Association of homozygous 7048G7049 variant in the intron six of Nurr1 gene with Parkinson's disease

P. Y. Xu, R. Liang, J. Jankovic, C. Hunter, Y. X. Zeng, T. Ashizawa, D. Lai, W. D. Le

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93 Scopus citations


Objective: To determine whether the Nurr1 gene, which is critical for the development and maintenance of nigral dopaminergic neurons, is a risk factor associated with PD. Background: The Nurrl gene is highly expressed in the dopaminergic neurons in the midbrain. Knockout of the gene results in agenesis of nigral dopaminergic neurons and heterozygous knockout mice increases 1-methyl-4-phenyl-1,2,3,6-tetrahydropyridine (MPTP)-induced neurotoxicity. Methods: This study included 105 patients with familial PD (fPD) and 120 patients with sporadic PD (sPD) and 221 age-matched healthy control subjects. The polymorphisms and mutations of the Nurr1 gene in patients with PD were initially examined by heteroduplex analysis and sequencing analysis from PCR-amplified Nurr1 gene fragments. A polymorphism in the BseRI restriction site was identified, and a relatively large-scale analysis then was conducted by three independent investigators who were blinded to the clinical status of the subjects. Results: A homozygous 7048G7049 polymorphism was found in intron 6 of the Nurr1 gene, which was significantly higher in fPD (10/105; 9.5%) and in sPD (5/120; 4.2%) compared with healthy control subjects (2/221; 0.9%). The mean age and the SD at onset of these homozygote patients with PD was 52 ± 15 years for fPD and 46 ± 7 years for sPD. The clinical features of these homozygote patients with PD did not differ from those of typical PD. Conclusions: The homozygote polymorphism of 7048G7049 in intron 6 of the Nurr1 gene is associated with typical PD.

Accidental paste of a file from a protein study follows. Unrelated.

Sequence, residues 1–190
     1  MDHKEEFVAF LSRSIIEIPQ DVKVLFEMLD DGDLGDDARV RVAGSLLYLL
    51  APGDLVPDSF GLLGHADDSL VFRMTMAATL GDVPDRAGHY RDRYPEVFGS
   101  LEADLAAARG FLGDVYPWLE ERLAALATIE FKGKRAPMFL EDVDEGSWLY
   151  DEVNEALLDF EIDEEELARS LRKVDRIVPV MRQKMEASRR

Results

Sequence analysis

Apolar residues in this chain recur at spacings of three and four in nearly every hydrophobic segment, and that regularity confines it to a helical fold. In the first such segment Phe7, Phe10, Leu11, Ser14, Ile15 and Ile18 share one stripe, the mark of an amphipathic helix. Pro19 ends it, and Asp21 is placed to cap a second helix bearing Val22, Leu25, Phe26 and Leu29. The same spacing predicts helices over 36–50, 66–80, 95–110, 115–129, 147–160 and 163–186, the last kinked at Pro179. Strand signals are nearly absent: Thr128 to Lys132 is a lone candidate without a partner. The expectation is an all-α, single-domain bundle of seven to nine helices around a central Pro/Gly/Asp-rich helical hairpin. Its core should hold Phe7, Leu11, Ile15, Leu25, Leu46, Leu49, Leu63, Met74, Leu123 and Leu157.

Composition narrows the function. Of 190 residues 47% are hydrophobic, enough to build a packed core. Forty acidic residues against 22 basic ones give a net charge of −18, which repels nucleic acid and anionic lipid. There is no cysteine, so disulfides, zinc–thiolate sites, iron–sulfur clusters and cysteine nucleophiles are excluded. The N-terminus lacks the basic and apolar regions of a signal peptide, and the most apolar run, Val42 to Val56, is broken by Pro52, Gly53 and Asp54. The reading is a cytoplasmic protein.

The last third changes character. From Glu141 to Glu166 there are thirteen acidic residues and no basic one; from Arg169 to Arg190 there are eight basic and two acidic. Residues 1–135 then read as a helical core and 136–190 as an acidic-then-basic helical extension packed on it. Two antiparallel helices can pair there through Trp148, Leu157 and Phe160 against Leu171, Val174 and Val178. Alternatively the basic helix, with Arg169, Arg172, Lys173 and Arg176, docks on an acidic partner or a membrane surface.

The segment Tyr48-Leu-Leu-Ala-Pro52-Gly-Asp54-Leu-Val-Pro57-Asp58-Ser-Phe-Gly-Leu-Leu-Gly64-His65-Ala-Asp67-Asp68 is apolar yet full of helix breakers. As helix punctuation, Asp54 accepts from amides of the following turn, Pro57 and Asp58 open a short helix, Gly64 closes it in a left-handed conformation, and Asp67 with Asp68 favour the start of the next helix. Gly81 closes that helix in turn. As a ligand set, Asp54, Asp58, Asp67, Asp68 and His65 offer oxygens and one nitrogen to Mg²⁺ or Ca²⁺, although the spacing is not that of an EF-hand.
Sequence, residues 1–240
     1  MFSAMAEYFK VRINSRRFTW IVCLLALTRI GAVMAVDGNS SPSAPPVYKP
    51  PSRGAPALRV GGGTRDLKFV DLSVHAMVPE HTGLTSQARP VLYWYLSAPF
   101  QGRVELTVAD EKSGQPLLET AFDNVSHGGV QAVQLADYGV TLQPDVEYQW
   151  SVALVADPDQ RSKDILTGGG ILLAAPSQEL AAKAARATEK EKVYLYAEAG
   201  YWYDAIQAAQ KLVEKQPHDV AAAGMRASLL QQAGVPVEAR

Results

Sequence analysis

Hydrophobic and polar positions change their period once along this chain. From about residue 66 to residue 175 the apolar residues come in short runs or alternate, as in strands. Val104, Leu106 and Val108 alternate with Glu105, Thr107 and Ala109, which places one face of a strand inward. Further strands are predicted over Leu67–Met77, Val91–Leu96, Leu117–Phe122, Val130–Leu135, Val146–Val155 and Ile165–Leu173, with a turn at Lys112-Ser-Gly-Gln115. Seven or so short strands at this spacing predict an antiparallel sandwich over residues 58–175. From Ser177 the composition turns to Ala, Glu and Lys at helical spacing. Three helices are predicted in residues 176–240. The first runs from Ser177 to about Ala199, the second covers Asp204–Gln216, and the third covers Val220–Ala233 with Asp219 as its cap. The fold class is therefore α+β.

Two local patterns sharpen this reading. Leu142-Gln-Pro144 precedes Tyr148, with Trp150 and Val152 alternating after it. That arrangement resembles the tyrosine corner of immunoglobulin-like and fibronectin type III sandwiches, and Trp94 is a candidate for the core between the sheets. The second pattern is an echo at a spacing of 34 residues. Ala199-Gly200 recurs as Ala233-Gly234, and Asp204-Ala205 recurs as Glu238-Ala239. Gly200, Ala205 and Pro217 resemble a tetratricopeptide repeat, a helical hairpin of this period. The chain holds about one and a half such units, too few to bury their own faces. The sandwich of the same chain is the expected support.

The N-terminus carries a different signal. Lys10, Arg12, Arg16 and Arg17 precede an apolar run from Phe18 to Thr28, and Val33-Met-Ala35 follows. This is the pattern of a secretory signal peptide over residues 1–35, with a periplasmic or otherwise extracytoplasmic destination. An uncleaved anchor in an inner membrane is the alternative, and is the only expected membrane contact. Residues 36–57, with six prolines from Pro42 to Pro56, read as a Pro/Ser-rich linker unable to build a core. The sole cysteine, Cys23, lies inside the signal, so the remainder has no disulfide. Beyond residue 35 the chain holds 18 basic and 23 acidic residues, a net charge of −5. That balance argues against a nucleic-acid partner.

Original languageEnglish (US)
Pages (from-to)881-884
Number of pages4
Issue number6
StatePublished - Mar 26 2002

ASJC Scopus subject areas

  • Clinical Neurology


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